April 1, 2012
Is undue "secrecy" in the execution process a constitutional problem?
The question in the title of this post is prompted by this lengthy new local article, headlined "Cruel and unusual?: Death row inmate challenges state execution procedure," discussing the on-going litigation over Alabama's execution process and protocol. Here is how the piece starts:
A death row inmate who had his execution blocked by a federal court that cited Alabama’s “secrecy” concerning its execution procedure says that procedure could leave him conscious while drugs that stop his breathing and his heart flow through his body.
Attorneys for Thomas Arthur, who was convicted in a 1982 murder-for-hire scheme, argue that the use of pentobarbital to anesthetize a prisoner during an execution violates Arthur’s Eighth Amendment protections.
Suhana Han, Arthur’s attorney, claims the drug does not work fast enough to prevent the inmate from feeling the potentially painful effects of the two drugs that follow, and that the state’s secrecy surrounding its execution protocols makes it impossible to determine whether its use constitutes cruel and unusual punishment, or even if the state follows its own procedures during executions.... “What we’re asking the court to do is allow us the opportunity to prove our claim,” Han said. “Alabama has never had its lethal injection process challenged at trial on the merits.”
Arthur was scheduled to be executed March 29, but the 11th Circuit Court of Appeals on March 21 overturned a lower court’s dismissal of Arthur’s appeal on the use of pentobarbital, finding there was no evidence that Alabama was conducting executions in a constitutional manner. The situation, the court wrote, was “exacerbated by Alabama’s policy maintaining secrecy surrounding every aspect of its three-drug execution method. It is certainly not speculative and indeed plausible that Alabama will disparately treat Arthur because the protocol is not certain and could be unexpectedly changed for his execution,” the court wrote.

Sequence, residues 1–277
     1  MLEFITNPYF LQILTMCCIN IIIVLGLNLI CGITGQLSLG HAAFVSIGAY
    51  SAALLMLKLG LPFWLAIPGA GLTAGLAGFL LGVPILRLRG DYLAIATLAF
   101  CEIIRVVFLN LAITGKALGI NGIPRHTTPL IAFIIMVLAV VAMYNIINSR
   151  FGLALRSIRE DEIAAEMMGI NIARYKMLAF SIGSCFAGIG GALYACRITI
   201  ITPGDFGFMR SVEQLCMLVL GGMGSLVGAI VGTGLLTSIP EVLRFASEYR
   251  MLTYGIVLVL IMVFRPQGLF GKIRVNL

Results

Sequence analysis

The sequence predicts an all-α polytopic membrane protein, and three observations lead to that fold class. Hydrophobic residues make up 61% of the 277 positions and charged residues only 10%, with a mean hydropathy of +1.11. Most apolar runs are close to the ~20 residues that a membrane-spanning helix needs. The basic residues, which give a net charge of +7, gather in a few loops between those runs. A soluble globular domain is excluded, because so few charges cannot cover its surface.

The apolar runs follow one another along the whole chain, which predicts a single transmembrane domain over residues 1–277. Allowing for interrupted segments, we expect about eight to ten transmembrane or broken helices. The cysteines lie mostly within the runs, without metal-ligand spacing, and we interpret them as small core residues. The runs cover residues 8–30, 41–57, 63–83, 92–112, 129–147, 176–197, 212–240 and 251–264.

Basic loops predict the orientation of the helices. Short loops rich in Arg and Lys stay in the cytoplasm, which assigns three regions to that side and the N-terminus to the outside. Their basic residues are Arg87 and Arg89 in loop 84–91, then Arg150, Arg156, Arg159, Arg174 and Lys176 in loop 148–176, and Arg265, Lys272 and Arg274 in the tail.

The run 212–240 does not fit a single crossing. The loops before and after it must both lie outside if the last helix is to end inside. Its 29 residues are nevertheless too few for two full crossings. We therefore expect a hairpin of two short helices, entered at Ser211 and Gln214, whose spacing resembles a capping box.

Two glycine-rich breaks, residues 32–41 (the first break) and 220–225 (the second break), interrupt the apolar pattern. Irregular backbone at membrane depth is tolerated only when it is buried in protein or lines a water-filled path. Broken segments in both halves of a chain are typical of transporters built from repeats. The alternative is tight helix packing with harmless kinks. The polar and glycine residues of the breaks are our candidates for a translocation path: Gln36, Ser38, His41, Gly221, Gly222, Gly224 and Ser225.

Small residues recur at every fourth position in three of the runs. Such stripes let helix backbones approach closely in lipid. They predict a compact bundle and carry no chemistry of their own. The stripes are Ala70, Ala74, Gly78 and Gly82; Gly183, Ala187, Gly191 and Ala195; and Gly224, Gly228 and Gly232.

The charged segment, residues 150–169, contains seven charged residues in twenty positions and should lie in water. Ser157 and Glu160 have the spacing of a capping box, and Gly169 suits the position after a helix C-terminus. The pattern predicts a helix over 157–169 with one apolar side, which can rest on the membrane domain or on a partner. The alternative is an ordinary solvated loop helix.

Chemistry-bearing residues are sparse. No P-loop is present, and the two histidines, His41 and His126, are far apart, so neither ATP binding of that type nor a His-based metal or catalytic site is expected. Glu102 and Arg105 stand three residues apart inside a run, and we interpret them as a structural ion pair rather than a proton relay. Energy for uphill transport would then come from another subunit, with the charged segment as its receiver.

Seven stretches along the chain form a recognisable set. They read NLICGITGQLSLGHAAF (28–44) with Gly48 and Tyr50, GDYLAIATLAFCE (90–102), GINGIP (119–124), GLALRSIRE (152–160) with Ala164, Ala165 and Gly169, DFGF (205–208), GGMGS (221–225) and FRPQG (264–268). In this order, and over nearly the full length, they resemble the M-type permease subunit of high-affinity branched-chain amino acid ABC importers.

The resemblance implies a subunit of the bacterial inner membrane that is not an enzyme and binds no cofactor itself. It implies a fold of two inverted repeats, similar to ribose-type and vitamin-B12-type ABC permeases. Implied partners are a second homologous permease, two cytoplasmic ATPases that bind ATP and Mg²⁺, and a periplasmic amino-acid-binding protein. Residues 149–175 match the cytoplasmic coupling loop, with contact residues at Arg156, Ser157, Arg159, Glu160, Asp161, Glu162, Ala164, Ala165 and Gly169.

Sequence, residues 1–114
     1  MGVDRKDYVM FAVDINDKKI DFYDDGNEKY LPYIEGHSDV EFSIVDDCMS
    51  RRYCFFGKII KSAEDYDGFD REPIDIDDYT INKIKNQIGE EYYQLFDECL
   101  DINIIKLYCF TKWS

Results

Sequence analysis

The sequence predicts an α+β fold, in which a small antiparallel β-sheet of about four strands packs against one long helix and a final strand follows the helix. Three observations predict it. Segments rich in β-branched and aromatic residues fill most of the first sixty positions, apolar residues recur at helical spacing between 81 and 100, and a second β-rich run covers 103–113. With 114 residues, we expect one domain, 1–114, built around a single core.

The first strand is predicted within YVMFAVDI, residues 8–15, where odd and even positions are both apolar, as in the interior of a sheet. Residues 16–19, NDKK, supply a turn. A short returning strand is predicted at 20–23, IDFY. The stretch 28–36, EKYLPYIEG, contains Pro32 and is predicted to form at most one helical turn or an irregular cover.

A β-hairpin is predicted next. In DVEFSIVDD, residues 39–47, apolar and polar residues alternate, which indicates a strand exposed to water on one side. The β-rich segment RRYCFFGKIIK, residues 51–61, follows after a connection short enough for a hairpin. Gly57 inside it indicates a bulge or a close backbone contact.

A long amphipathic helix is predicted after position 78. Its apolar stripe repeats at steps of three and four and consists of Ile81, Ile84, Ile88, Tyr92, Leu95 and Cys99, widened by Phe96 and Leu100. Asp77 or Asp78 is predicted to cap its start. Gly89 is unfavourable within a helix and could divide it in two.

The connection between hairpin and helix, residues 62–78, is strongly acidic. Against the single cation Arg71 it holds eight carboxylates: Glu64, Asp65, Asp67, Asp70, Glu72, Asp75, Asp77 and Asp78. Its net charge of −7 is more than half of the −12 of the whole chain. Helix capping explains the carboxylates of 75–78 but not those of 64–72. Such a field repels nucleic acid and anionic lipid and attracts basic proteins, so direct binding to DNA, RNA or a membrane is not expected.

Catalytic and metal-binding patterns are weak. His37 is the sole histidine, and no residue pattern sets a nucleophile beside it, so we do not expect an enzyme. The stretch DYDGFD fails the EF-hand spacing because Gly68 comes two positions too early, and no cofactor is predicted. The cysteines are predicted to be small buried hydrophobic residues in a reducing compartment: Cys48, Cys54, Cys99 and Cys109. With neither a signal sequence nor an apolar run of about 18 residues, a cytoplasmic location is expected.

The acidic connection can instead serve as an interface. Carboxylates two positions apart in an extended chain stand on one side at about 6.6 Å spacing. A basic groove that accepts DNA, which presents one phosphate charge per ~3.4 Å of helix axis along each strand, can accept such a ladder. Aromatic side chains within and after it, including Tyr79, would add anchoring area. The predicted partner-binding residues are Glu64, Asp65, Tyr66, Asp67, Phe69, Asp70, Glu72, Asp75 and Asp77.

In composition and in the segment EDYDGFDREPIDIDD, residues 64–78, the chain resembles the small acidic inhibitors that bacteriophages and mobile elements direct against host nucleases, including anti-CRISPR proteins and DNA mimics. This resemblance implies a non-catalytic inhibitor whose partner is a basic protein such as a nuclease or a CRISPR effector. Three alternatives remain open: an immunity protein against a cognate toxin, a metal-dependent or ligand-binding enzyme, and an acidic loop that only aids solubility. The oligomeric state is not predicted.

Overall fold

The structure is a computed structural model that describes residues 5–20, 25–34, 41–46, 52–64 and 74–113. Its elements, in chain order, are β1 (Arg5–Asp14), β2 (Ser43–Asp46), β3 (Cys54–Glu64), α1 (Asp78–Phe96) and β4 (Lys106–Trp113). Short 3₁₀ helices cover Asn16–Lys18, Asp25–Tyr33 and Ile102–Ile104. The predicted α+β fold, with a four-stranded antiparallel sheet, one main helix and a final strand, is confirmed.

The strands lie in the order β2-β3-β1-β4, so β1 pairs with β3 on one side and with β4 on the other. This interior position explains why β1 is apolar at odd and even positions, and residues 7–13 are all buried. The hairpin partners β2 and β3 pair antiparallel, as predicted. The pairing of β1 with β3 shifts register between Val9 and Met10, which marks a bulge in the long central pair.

Brian Corbett, a spokesman for the Alabama Department of Corrections, declined comment last week, saying he was not at liberty to discuss the state’s execution procedures. The Alabama Attorney General’s office also declined comment on the case.
April 1, 2012 at 05:05 PM | Permalink
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Nice little burden shifting by the two judges in the majority. One is of course, Rosemary Barkett, probably the worst federal appeals court judge.
Posted by: federalist | Apr 1, 2012 5:54:06 PM
"Arthur was convicted of murder in the 1982 death of Muscle Shoals businessman Troy Wicker Jr.
Wicker’s murder occurred while Arthur was in a work release program after being convicted of murdering the sister of his common-law wife in 1977."
Now, let's not rush this thing. Don't be rash. Throw a spanner in the works if necessary.
Posted by: Adamakis | Apr 2, 2012 10:53:18 AM
Just as an fyi: the main (only) witness against Arthur was his "co-conspirator". She was Wicker's wife. She initially claimed she had been raped by Wicker's murderer. That didnn't fly before a jury and she was convicted of his murder. Her lawyer then became the DA, struck a deal with his former client to testify against Arthur in exchange for time served. Trace evidence that was used to implicate Arthur was recently shown by DNA to be unconnected to him. As far as I know, Arthur has maintained his innocence throughout.
Posted by: Ala JD | Apr 2, 2012 2:25:09 PM
Ala JD, you should also mention that Mr. Arthur was on parole for another murder.
Posted by: federalist | Apr 2, 2012 4:22:25 PM